David Bowie: Having Established His Pop Bankability and Heterosexuality, Destroys Both With One Song

It's no secret that David Bowie is my universe. I'm such a huge fan that, when Bowie released his first album in 12 years (and his best in 33 years) this year, my first thought was "Oh, my God, this is so good, what if I had died? What if I had died before this day? Then I'd never be able to hear this album. Thank God I'm alive." Yes, I'm aware that is in no way a sane thought, but there it is. Anyway, the point is, I'm a huge Bowie fan and have been since I was 10.


Here is me at 16 before a night of getting no sex at a Halloween party.

Bowie spent the '70s amassing a cult following, experimenting with new and exciting musical forms from glam rock, to soul, to early electronica -- all while challenging social mores about sexuality. But then came the '80s, and Bowie had his biggest success making big, bold pop music. Also, the new Bowie was pretty damn hetero. Even Rolling Stone said so.

Duran Duran: .George Balanchine. Reagan's Secret Keister Memos R Stone DAVID BOWIE STRAIGHT

It was the '80s. Straight guys had hair like that.

So anyway, the '70s were about making rock history by breaking artistic and social boundaries, and the '80s were seemingly all about proving that Bowie could also be a middle-of-the-road, honest-to-goodness pop star.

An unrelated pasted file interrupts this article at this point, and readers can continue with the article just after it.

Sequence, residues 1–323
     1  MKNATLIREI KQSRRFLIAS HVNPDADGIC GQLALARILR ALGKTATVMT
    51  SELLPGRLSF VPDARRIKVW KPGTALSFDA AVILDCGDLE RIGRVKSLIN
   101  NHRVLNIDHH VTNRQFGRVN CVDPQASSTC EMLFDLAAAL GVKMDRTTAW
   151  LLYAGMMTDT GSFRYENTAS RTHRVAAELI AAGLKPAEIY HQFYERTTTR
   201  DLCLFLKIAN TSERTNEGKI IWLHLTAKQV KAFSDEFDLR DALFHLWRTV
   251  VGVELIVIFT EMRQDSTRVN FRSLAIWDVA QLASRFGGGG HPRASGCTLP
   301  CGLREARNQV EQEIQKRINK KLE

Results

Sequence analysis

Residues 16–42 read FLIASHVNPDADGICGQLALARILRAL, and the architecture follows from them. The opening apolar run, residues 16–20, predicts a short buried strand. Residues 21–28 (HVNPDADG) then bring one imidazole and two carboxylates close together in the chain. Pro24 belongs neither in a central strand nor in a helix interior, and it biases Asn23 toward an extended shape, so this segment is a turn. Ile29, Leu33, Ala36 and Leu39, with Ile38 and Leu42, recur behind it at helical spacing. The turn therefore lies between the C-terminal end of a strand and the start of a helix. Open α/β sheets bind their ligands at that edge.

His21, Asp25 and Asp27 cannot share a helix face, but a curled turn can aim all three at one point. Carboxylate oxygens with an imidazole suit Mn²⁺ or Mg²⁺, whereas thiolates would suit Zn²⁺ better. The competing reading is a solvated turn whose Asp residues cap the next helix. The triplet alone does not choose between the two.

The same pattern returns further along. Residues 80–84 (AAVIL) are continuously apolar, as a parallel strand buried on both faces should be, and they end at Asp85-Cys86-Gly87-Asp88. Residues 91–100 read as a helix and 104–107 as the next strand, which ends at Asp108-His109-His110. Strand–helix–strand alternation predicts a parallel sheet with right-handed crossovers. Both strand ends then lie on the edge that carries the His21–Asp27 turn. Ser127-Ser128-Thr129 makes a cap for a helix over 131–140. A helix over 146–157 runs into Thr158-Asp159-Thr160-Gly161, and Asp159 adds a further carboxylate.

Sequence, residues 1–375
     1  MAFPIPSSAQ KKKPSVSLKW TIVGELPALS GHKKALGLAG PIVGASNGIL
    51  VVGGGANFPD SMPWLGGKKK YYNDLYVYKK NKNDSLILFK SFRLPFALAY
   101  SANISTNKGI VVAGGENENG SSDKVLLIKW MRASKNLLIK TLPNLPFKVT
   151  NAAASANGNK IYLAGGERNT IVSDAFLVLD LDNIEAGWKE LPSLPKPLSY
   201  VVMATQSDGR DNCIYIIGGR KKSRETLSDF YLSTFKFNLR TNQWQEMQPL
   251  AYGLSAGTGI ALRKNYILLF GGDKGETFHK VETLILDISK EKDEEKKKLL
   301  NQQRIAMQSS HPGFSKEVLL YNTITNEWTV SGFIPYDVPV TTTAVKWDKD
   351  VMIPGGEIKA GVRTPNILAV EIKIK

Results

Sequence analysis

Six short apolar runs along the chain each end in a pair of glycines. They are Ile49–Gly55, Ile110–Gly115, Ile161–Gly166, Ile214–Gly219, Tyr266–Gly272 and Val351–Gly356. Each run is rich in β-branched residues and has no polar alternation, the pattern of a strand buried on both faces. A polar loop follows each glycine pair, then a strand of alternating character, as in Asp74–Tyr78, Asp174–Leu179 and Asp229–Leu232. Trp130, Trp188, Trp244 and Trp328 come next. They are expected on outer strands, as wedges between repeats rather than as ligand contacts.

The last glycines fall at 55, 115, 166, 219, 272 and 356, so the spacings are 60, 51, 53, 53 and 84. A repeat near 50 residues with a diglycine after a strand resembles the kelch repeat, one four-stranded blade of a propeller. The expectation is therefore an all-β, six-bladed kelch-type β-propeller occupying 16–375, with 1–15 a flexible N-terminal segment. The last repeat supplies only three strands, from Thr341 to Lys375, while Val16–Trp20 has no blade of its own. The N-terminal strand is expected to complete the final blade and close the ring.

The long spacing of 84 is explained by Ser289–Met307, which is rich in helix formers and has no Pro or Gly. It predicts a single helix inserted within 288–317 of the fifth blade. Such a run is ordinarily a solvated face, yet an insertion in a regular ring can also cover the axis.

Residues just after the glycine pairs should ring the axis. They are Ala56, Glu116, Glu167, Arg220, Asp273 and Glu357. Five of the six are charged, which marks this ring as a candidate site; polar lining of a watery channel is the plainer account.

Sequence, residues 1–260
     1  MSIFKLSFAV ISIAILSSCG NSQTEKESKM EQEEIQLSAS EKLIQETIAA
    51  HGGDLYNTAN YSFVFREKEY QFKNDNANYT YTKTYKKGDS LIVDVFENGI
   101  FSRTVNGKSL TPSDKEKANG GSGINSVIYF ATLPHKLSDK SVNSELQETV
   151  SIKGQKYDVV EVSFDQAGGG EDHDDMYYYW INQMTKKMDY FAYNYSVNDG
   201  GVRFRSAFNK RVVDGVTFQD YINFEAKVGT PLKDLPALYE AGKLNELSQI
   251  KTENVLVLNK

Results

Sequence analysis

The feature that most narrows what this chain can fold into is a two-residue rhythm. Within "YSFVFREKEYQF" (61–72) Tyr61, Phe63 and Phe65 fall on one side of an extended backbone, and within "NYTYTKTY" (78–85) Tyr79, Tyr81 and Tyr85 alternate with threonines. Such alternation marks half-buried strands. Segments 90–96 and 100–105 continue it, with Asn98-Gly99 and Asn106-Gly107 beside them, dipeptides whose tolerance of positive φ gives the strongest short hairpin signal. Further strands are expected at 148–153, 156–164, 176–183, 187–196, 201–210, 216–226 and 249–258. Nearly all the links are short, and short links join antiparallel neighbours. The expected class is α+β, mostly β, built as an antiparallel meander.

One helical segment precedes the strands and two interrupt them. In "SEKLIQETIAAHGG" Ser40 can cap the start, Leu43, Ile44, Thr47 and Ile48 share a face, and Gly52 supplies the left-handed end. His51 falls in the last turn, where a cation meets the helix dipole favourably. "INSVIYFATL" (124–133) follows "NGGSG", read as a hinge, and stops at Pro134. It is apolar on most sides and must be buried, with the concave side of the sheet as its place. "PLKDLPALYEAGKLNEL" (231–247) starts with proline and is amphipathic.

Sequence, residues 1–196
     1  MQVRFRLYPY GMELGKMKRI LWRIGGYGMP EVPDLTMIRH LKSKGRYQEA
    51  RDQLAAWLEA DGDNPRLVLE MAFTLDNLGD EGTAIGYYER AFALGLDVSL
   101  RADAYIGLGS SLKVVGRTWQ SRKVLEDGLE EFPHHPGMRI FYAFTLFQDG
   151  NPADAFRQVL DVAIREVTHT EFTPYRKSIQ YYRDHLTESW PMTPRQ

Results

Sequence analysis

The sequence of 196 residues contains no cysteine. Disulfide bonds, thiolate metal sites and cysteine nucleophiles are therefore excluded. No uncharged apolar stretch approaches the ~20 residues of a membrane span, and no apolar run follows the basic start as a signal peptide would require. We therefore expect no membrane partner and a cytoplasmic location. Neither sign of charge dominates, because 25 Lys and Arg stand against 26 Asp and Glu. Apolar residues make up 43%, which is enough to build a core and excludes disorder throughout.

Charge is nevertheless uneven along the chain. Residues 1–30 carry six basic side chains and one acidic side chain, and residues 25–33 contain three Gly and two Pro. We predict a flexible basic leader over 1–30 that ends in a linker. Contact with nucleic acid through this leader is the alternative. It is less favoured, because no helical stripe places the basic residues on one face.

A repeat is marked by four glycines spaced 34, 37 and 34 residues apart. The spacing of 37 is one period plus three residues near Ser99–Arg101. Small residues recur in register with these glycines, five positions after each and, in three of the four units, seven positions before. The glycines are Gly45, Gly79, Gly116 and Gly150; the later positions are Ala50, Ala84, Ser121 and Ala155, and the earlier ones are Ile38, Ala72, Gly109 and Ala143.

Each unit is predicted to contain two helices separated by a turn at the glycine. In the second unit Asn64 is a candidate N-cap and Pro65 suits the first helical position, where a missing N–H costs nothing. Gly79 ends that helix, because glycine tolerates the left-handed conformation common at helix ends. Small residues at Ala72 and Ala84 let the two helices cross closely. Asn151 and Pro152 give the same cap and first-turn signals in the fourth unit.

Then This Awful Thing Happened:

So many things wrong here. First of all, it's just a terrible cover. It's everything that's wrong with the '80s. It's just soulless and synthetic. Then there's another problem -- specifically the gayness. Now don't get me wrong. This is not homophobia. In the '70s, Bowie used to play his guitarist's guitar on his knees, simulating oral sex. That was great. It was bold and brave and risque.

The 4 Worst Moments from Otherwise Great Artists

The cool gay.

But unlike the Ziggy Stardust days, this video was gay in a distinctly uncool way. For the first time, Bowie and Jagger seemed like guys you wouldn't want to hang with -- not because they might start having sex while you're trying to watch the game, but because they'd probably bitch about what Leon said about Victor at the club. It's not the gayness; it's the boring, married, decidedly unhip gayness.

The 4 Worst Moments from Otherwise Great Artists

The uncool gay.

For Bowie, this was the start of a period of increasing lameness that lasted another two years, until Reeves Gabrels and Tin Machine saved his musical soul. Then Iman staked a claim that stuck on his heterosexuality.

Barry Levinson: The Director Who Masters Slice of Life Comedy/Drama Jumps into a Pool of Fantasy Awful

Barry Levinson is one of my favorite directors. Why? Well, he's made two of my favorite movies of all time: Diner and Avalon. Diner is a hilarious, heartfelt, perfectly executed coming-of-age story. It's also vital for any good game of Six Degrees of Kevin Bacon:


Police Academy 4? OK, um ... DINER! One Degree of Kevin Bacon!